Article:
What is Mahjong and how do you play it?

1 month ago 14

Lockdown is a perfect opportunity to try something new – whether it’s picking up a new hobby you can learn or practice at home or trying out some home workouts.

Another thing you can do is explore the customs of other cultures, as a way of travelling when you can’t physically travel.

With it being Chinese New Year, why not learn about a popular game played all across Asia – Mahjong.

What is it, and how do you play the game?

What is Mahjong?

Mahjong is a popular Chinese game played with sets of tiles.

Players – usually four – will play with 144 tiles, starting with 13 each.

It dates back to the Qing dynasty in the 17th Century and has since spread, undergoing different regional variations.  

Different regions have included new rules and new symbols to the game, but at its core, Mahjong remains the same.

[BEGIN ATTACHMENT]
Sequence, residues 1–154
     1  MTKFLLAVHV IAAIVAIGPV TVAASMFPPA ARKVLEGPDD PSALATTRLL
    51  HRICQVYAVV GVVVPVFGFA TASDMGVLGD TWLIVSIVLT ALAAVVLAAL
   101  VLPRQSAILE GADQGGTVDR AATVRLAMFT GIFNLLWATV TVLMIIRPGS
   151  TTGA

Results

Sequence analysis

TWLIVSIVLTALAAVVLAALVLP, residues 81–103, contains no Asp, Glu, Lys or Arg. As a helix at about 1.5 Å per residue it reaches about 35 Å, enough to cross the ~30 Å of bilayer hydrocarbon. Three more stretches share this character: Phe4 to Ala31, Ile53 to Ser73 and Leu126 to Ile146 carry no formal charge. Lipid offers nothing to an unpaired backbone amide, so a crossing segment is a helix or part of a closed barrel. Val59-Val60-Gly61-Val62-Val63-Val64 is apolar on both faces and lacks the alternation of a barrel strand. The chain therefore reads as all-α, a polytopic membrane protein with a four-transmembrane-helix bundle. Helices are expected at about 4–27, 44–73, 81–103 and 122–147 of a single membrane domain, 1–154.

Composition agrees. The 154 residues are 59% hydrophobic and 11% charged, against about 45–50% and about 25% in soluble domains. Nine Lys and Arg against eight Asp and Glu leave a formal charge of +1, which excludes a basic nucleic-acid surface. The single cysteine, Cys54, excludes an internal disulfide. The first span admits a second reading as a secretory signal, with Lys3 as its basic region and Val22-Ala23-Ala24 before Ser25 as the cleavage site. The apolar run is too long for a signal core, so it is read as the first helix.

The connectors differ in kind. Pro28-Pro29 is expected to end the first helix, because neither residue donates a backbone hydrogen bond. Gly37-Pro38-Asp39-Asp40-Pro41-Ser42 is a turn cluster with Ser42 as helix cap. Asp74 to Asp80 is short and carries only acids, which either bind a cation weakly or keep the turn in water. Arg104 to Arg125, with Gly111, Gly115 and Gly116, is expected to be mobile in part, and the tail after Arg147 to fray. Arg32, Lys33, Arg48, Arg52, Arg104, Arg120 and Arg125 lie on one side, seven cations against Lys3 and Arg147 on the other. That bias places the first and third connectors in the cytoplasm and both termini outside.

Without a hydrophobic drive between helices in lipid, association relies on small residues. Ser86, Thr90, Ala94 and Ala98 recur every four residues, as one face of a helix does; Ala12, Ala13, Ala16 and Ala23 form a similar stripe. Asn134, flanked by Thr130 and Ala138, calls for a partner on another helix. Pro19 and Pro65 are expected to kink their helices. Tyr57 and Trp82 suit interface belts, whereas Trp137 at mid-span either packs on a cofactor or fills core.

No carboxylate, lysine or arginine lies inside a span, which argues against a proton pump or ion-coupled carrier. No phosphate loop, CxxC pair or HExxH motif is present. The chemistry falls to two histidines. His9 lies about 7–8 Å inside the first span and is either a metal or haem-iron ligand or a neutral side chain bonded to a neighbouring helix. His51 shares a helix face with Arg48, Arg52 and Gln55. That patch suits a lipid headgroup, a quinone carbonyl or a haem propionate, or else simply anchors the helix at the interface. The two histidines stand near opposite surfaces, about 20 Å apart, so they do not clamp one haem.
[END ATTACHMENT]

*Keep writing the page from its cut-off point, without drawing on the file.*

How do you play Mahjong?

At its core, in a game of Mahjong, the aim is to be the first person to match a hand of 14 tiles – this person gets to call mahjong, which ends the game and awards the player a point.

The winner must get their 14 tiles into four sets and one pair: a set can either be a ‘pung,’ which is three identical tiles, or a ‘chow,’ which is a run of three consecutive numbers in the same suit.

A single tile cannot be used in two sets at once.

When a game begins, all tiles are shuffled together, and the players build a wall of 34 face-down tiles in front of themselves, 17-tiles long and two tiles high.

The result should be a large square wall of tiles in the centre of the table.

The dealer rolls the dice and counts that many tiles from the right edge of their wall and separates the wall at that point to begin dealing tiles from the left of that spot and going clockwise.

Each player receives 13 tiles, with the dealer starting with an extra 14th tile.

Each player then arranges their own tiles so they can see them, and other players cannot – a bit like the Western card game Rummy.

Once the game starts, players will draw and discard tiles until they complete a legal hand – mahjong!

MORE : Chinese New Year traditions and superstitions – from not taking medicine to not washing your hair

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